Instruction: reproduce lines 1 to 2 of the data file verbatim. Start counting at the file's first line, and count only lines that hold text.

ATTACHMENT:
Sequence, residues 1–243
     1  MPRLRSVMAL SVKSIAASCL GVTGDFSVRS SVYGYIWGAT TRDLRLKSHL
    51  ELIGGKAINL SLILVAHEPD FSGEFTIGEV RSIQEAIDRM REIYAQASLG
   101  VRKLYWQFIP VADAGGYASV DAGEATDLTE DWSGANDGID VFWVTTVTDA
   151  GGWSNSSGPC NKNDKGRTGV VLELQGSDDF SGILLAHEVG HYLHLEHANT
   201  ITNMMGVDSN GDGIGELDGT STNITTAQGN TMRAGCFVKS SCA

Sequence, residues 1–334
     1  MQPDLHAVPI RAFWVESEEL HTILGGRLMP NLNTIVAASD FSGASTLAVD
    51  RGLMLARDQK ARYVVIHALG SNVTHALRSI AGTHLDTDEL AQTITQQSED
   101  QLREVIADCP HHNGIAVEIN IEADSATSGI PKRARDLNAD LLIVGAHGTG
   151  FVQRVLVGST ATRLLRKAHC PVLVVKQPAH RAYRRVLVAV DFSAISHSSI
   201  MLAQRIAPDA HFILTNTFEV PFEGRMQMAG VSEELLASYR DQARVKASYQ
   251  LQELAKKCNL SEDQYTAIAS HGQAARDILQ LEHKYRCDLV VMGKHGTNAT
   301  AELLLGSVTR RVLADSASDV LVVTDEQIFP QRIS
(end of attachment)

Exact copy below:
Sequence, residues 1–243
     1  MPRLRSVMAL SVKSIAASCL GVTGDFSVRS SVYGYIWGAT TRDLRLKSHL